The Story of Doo-Wop

During the early 1950s, quartets sung on street corners, in barbershops and churches in a style which became known as Doo-Wop, paving the way for rock ‘n’ roll. As the groups moved from the streets into recording studios, so the popularity of the genre grew.

The show explores the story of the vocal style of singing which emerged in the 1950s and paved the way for early rock, enjoying resurgences in several following decades.

During the early 1950s, quartets sung on street corners, in barbershops and churches. As this new “sound” began to grow in popularity and reach the attention of prominent radio disc jockeys, taking over the billboard charts, the groups moved from the streets into the recording studios and the rest, as they say, was history.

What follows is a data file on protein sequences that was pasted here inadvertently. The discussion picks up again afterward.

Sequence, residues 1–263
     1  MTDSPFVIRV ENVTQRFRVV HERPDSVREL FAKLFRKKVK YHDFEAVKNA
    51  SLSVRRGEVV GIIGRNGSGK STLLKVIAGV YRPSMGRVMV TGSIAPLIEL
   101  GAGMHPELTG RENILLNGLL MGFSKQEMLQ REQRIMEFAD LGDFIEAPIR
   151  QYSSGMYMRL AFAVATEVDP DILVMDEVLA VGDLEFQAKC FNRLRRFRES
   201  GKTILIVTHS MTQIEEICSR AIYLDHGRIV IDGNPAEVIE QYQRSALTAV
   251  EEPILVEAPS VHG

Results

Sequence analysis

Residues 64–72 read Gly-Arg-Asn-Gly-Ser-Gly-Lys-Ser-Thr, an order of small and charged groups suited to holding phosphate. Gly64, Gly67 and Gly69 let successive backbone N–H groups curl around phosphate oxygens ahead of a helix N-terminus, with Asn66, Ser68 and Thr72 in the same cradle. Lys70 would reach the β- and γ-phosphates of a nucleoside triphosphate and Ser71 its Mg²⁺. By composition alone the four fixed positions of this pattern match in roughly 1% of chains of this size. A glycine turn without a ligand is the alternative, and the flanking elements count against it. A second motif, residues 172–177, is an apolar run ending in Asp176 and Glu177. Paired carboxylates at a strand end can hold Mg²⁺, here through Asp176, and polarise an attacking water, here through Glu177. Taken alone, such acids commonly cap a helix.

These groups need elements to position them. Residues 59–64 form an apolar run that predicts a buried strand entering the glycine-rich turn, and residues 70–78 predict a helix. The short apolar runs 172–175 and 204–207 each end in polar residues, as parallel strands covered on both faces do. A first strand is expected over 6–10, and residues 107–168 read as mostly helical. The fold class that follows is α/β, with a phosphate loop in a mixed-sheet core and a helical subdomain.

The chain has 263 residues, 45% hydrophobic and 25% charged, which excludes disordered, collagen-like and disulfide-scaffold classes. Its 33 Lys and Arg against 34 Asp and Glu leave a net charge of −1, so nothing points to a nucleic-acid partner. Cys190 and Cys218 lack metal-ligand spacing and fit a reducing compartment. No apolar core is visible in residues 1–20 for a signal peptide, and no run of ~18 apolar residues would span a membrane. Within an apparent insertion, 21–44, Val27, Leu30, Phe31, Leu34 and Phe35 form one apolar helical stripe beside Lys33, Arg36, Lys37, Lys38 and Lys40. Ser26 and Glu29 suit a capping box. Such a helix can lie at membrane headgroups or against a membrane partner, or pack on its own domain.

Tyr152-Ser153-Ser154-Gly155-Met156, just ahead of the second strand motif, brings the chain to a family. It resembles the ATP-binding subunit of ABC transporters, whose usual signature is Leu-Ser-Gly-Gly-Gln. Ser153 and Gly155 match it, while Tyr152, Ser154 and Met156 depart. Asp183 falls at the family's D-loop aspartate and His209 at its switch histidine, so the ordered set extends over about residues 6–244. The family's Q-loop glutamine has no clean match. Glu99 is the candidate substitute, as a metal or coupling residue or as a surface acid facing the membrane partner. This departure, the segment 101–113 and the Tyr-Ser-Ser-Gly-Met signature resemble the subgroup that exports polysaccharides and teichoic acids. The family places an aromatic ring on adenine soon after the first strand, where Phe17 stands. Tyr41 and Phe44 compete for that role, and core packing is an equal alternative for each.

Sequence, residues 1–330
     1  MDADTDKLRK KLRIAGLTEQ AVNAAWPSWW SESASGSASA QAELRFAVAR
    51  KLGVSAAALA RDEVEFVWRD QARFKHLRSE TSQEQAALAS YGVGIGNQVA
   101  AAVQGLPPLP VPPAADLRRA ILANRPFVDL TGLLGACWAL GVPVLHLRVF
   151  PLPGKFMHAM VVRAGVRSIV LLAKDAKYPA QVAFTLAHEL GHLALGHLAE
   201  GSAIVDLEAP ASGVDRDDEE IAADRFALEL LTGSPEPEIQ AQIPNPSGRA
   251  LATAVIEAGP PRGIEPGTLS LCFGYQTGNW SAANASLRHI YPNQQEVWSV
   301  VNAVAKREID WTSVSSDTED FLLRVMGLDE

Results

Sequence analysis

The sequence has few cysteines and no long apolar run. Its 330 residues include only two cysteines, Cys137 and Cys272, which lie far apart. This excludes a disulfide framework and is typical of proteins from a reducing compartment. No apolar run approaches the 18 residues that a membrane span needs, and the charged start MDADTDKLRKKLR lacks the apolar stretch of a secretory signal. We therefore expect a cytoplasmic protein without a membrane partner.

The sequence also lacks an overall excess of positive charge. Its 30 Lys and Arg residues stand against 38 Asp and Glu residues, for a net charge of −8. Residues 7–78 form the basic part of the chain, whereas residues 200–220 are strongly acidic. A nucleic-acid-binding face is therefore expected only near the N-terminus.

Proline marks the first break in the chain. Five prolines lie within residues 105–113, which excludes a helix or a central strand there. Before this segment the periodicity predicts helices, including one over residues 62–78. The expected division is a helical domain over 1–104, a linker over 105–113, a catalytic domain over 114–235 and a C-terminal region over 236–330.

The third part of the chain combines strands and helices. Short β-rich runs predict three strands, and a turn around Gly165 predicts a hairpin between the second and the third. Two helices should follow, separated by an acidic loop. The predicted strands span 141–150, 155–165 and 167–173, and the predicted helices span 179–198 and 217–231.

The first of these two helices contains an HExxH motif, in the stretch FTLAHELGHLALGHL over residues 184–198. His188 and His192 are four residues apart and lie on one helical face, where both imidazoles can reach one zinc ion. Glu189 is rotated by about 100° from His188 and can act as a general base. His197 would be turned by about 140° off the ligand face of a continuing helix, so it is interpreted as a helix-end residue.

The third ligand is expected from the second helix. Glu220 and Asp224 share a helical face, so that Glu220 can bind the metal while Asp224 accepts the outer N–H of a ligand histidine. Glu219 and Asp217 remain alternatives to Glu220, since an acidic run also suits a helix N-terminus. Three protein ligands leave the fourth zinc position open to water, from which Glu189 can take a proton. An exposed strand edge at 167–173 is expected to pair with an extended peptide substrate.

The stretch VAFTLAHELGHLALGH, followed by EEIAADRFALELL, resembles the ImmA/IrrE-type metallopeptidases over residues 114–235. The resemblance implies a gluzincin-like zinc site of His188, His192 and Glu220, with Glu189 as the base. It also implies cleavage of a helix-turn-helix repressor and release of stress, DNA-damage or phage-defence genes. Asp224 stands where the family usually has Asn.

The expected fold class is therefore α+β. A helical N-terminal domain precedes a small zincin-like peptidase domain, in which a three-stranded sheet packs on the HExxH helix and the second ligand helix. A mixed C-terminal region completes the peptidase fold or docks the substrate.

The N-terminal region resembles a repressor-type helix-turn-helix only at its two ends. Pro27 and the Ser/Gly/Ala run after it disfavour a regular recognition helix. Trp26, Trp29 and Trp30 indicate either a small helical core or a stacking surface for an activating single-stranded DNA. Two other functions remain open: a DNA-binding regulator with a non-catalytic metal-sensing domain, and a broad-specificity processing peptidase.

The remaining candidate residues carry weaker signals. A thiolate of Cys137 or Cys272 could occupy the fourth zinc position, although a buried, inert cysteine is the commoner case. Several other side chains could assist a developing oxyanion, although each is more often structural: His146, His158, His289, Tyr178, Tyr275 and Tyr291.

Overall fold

The Story of Doo-Wop is performed as a live “broadcast” from a radio studio and presented by the host for the evening, radio show disc jockey Chuck Anderson. The D.J. “spins the discs” of some of the biggest hits of the genre which will be performed live by The TestostaTones, a group who have sung for the Queen, Olly Murs and live on BBC Radio 2 as well as counting Jeremy Vine and ‘Professor of Pop’ and world music authority Paul Gambaccini among their fans who said of the group “How considerate of the TestostaTones to pay tribute to my local Bronx hero Dion. May they sing in harmony for years to come.”